Anatoly Antonov wasn’t much to look at, and because he kept to himself and was no bother to his neighbours, he didn’t attract undue attention. Everybody in Ashby said he was Russian, but that wasn’t true; he was Ukrainian. Not that it mattered. In the Kansas southwest, who could tell the difference? Anatoly lived out of town, about five miles or so, in the old Carson place, the farmland sold off to neighbours who didn’t want or need the house. When they thought about him, which wasn’t often, folks sometimes said he must be lonely out there on his five acres. But Anatoly wasn’t lonely, he was alone. And he liked it that way.


Dale had never paid attention to talk of tractor hacking, but he clicked on the link Tuf White sent him and did exactly as he was told, which was to buy a twenty-five dollar dummy diagnostic part, for which he received in return a code to join a secret forum. As he scrolled through threads advising farmers with vegan turds like his own, he felt his spirits lift. It was all there, license key generators, speed-limit modifiers, reverse-engineered connector cables; the whole shebang. Hey, honey, he called out, looks like there’s a guy in Ashby who can solve this. Dale’s wife came into the office from the kitchen, wiping flour from her hands on a tea towel. That’s great, she said, putting her arms around his neck; about time we had some luck.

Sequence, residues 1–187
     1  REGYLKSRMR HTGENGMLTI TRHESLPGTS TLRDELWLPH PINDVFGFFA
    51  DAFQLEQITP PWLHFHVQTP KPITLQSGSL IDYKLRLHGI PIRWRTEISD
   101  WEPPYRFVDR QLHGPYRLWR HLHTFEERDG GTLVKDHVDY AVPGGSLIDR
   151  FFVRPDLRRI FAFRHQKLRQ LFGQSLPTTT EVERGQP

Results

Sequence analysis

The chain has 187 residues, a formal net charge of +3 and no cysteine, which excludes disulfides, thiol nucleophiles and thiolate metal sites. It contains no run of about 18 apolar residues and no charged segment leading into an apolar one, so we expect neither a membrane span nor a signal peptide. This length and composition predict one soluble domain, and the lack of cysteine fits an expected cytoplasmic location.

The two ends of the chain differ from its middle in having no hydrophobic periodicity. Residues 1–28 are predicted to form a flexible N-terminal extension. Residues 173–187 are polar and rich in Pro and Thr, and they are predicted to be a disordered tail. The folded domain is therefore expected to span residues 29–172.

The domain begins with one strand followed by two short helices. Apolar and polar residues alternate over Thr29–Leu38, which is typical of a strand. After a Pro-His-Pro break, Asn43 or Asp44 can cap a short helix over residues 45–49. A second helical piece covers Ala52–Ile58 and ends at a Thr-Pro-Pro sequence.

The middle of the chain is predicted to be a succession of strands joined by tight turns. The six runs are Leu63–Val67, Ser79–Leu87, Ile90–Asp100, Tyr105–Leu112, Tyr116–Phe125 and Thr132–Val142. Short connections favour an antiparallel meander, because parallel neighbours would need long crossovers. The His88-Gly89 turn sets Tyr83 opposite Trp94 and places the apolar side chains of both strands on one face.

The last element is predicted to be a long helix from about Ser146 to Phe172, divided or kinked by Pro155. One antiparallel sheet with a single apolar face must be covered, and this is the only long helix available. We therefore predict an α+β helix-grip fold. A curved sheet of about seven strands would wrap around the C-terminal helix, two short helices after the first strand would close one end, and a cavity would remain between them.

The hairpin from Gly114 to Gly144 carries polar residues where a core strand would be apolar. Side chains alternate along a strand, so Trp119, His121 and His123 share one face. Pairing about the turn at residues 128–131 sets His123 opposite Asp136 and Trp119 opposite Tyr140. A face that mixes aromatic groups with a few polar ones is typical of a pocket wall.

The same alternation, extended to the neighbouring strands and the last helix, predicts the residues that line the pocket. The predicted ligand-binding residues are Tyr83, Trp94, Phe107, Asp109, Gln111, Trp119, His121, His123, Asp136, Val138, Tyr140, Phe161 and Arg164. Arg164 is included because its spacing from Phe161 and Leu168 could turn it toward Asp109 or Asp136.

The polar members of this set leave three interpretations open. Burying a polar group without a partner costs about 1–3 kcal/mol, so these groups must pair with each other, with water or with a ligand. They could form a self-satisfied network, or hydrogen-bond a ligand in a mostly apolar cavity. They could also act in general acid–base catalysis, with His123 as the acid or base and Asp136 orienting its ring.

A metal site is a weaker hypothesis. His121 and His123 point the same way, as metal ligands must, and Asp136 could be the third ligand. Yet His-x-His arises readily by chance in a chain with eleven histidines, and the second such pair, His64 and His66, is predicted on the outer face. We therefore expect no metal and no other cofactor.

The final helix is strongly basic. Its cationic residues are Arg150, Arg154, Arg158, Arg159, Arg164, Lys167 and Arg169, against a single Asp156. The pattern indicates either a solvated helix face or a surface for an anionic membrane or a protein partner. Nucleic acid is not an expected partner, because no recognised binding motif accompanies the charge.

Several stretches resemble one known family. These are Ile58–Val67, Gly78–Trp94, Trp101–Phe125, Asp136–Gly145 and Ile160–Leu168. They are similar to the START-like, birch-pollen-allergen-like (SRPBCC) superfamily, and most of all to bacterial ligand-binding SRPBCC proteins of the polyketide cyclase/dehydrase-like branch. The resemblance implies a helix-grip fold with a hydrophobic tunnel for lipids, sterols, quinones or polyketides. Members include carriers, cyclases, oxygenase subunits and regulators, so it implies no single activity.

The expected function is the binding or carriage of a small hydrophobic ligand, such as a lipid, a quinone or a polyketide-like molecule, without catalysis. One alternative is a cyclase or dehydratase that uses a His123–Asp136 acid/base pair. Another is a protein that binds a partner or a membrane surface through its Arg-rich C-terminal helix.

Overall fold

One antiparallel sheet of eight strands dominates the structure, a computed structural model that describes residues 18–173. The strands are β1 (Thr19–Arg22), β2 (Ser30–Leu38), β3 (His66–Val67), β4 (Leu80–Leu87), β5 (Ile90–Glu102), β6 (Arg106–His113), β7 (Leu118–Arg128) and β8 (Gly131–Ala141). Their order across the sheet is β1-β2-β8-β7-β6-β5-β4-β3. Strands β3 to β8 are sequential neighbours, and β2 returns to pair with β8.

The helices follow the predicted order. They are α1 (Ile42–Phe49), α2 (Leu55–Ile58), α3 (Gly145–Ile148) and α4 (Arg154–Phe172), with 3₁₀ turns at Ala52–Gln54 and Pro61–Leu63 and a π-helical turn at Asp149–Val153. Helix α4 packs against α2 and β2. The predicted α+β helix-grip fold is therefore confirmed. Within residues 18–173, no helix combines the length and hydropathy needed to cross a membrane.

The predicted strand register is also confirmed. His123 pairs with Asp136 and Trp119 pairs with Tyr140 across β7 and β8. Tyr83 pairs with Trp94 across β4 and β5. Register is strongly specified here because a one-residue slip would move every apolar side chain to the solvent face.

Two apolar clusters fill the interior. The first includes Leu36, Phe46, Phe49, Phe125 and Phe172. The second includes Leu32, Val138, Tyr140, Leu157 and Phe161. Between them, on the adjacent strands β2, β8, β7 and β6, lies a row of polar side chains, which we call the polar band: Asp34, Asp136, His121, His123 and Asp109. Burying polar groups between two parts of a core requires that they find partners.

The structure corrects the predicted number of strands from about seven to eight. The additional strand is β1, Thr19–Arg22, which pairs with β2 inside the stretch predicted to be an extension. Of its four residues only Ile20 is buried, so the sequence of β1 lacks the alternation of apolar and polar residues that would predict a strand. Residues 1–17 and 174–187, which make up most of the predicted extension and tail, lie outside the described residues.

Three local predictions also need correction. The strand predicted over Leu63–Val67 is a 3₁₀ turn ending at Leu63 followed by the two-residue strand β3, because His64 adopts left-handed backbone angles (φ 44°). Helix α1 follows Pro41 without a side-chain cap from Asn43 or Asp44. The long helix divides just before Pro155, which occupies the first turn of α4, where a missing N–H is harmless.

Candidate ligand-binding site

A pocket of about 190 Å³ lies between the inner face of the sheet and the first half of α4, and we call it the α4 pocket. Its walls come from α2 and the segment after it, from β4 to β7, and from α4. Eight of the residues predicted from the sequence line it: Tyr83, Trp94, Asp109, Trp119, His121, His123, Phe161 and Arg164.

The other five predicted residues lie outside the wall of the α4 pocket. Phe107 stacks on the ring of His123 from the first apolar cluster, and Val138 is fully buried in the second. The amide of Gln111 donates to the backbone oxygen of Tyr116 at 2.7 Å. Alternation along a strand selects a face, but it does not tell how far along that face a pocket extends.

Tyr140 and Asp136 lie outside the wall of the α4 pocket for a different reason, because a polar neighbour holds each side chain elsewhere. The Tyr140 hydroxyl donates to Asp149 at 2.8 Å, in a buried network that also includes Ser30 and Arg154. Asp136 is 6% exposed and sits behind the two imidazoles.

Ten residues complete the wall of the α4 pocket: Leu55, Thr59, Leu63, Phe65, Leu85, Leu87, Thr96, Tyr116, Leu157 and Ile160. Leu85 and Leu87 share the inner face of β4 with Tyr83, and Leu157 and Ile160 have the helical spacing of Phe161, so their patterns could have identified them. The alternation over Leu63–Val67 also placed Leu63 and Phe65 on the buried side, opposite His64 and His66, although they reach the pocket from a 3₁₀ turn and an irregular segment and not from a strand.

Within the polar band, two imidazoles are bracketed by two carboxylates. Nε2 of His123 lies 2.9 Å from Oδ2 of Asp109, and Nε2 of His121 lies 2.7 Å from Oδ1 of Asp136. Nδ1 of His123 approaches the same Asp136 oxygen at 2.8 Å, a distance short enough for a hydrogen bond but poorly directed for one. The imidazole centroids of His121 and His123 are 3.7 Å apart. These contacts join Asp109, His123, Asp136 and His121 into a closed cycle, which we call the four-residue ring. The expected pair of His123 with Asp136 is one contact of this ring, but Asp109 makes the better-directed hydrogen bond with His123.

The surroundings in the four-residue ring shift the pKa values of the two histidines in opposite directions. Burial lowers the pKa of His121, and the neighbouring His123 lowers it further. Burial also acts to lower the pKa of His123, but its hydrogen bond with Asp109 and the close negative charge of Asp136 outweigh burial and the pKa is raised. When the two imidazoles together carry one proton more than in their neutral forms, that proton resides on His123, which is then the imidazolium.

Anatoly drove out with Dale to the stranded tractor, put his laptop on the hood of his truck, and stood silently while he navigated a hacked version of the John Deere Service Advisor. It was an overcast day, but the rain had stopped, and a dry wind blew across the prairie. Well, there’s your problem, he said, pointing at the screen; it’s easy enough to fix, except those goddamn log leapers’ll charge you one thirty an hour to drive out here to plug in a cable so you can. He went to the back of his truck and rummaged around for a part. Dale squatted and dug his fingers into the dirt. Should have had this crop in by now, he said, rubbing a clump of soil between his hands. I’ll have it running in an hour, said Anatoly. And he did. I transferred another five hundred to you, said Dale, speaking up so Anatoly could hear him over clatter of the engine, for that other … service. Anatoly nodded and got back into truck. It’s fully funded now, he said, and drove off. Dale climbed up into the cab, hoping he wasn’t throwing money away.